Abengoa SA surged the most in six months in Madrid trading after the company won a $1.45 billion loan guarantee from the U.S. government to build a solar-power plant in Arizona.
Shares in the Spanish solar-technology developer climbed 9 percent to close at 18.015 euros. The stock leg gainers on the 88-member benchmark WilderHill New Energy Global Innovation Index, which rose 0.1 percent.
U.S. government backing will allow Seville-based Abengoa to get a cheaper loan, improving the profitability of the power plant, said Nathaniel Bullard, the lead North American solar- energy analyst for Bloomberg New Energy Finance.
“At a narrow spread, less than 100 basis points over Treasury rates, a loan guarantee creates economics simply not possible given finance arranged on the Street or in the City,” Bullard said in an e-mail.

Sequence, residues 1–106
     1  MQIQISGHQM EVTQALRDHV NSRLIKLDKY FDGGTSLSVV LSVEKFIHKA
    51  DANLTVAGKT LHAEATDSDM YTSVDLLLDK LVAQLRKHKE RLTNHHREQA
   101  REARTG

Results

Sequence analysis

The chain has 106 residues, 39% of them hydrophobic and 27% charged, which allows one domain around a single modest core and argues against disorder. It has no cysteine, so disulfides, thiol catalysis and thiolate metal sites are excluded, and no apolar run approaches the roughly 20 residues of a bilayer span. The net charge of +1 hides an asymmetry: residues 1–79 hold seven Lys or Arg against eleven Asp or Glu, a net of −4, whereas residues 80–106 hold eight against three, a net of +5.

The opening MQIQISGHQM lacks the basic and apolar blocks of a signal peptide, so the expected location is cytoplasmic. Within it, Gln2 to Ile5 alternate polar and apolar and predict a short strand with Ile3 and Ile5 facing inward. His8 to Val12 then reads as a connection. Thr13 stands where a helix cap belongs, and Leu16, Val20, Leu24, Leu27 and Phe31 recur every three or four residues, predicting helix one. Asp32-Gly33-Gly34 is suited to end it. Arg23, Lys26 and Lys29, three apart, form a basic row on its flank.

Abengoa’s plant, to be built 70 miles (113 kilometers) southwest of Phoenix, will be the world’s largest solar-power installation, producing 250 megawatts and serving 70,000 families, the company said July 3 in a statement.
The Solana installation, using solar-thermal technology, will prevent 475,000 tons in carbon-dioxide emissions annually, according to the company’s calculations.
The company plans to start construction before year-end and begin generating electricity before the end of 2013, Santiago Seage, chief executive officer of Abengoa’s solar unit, said in a July 3 interview.